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A Setback in China-US Cyber Cooperation

Jun 05 , 2014
  • Li Zheng

    Assistant Research Fellow, CICIR

The U.S. Department of Justice charging of five PLA officers cast a shadow on Sino-US cyber cooperation. The negative impact of the event can not be eliminated in the short term, and it also sets a dangerous precedent in the international cyber security arena. Because the US government made a series of mistakes, it is difficult for it to achieve its desired results.

One mistake was the improper time to launch its surprise attack, which made China suspect the true intentions behind its move. Since the PRISM project was revealed in June 2013, the US government got a lot of criticism both at home and abroad. Just in March of this year, it was reported by the US media that the National Security Agency had hacked the servers of Huawei. The charge by the US Department of Justice followed shortly after these unresolved issues. It seems that the charge was a strategy to divert attention from the PRISM project.

On the other hand, there was increasing cyber cooperation between the two countries over the past year. In July 2013, the China-US working group on cyber security held its first meeting in Washington DC. From the feedback from both sides, the new mechanism added positive momentum to Sino-US cyber cooperation, and eased the tension caused by the Mandiant report and the PRISM revelations. However, the charge suddenly ended this trend. China is rightly skeptical of US sincerity in establishing the Joint Working Group, and also wonders whether the charge was a bargaining chip for requesting excessive concessions in the dialogue. If it is true, this is clearly an unconstructive and not clever trick.

The second mistake is that the US is moving against the wrong target. The indictment of active duty military PLA officers makes the issue more complicated. The unit 61398 charged by U.S. Justice was the same one that the American security firm Mandiant mentioned a year ago in their report. As many cyber security experts from China and US doubted the Mandiant report due to its critical analytic flaws and neglected other alternative hypotheses, it is questionable whether the charge by U.S. Justice was another groundless accusation. Furthermore, active duty military has little chance for self-defense in the civil court for protecting its national secrets. It means that the charge has been unjust and imbalanced from the beginning.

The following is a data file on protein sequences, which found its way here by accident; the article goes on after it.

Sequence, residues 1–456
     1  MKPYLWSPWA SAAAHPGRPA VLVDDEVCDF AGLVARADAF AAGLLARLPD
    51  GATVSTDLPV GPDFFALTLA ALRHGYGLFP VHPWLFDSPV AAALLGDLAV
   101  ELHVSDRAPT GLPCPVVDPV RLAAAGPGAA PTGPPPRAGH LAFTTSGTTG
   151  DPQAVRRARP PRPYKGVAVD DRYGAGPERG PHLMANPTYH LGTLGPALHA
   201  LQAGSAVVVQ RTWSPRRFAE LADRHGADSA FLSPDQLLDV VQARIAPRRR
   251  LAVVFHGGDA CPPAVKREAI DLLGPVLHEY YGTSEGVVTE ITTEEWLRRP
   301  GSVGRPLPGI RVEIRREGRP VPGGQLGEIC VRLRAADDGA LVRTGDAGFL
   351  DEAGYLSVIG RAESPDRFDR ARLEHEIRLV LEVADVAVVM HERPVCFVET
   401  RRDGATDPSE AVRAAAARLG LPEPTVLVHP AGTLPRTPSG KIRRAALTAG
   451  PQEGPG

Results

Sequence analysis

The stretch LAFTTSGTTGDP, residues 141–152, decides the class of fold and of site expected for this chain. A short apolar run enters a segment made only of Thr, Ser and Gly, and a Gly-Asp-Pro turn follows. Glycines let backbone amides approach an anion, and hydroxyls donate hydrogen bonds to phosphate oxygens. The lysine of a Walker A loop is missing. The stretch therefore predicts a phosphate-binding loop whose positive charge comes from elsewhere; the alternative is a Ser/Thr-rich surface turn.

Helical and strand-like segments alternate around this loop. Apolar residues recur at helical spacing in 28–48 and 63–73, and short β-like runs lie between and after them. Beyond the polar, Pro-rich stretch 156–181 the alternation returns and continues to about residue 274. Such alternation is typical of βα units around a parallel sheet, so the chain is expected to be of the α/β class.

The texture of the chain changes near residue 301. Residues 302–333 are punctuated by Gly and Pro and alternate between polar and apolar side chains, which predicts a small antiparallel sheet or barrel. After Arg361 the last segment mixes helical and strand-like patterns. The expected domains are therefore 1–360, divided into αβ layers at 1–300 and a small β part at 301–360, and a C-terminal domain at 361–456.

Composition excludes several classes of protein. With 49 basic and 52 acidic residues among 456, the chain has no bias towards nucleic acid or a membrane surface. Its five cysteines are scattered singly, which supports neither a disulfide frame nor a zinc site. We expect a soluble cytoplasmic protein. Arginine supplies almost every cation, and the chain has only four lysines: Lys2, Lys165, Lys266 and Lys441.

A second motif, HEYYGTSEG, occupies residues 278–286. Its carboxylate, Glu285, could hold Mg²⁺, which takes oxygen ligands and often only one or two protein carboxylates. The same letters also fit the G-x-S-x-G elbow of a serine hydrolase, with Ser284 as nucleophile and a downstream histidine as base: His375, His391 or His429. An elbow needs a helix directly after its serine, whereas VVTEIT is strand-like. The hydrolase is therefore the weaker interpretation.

The third mistake is that the US chose the worst way to express its concerns. The US hoped to put pressure on China over cyber issues through domestic judicial procedures, but China is treating it as a provocative measure. In China, the Court is the last place to resolve differences, which means that both sides have no room to compromise. The US publicly issued five arrest warrants for its suspects, which deepened the Chinese belief that the U.S. was deliberately damaging China’s national dignity. No wonder that China is angry about the charge. What the US has done to China makes it difficult to rectify the situation. In addition, due to US judicial independence, China does not expect that any move could change or cancel the lawsuit.

As a result, China has decided to freeze the China-US working group on cyber security, which was supposed to be held during the S&ED in July 2014. It is expected that the charge and related cyber issues will become a hot dispute in the dialogue, but it is impossible that the two sides will achieve progress on this issue at this time.

What is more important is that the event will have a negative effect on the security situation of the global Internet. International trust is at the core of internet security, but the event has put the trust of the two biggest cyber countries in danger. Trust is essential to persuade countries to use a unified internet system rather than develop its own independent system out of national security concerns. Trust is also critical to the international community for combating transnational internet crimes. Both China and the US should be aware that non-state actors, such as terrorists and cyber-crime groups are responsible for ​​the majority of cyber attacks and ultimately threaten the future of the internet. And some of these groups use advanced technical means to hide or disguise their sources. As Lillian Ablon and two other scholars from RAND Corporation mentioned in their research on cyber crime, a global market for Cybercrime Tools and Stolen Data was rising. The US charge against PLA officials will have a serious impact on China-US cooperation over cyber security. This may be good news for cybercriminals.

Li Zheng is an Assistant Researcher at the Institute of American Studies of China Institutes of Contemporary International Relations.


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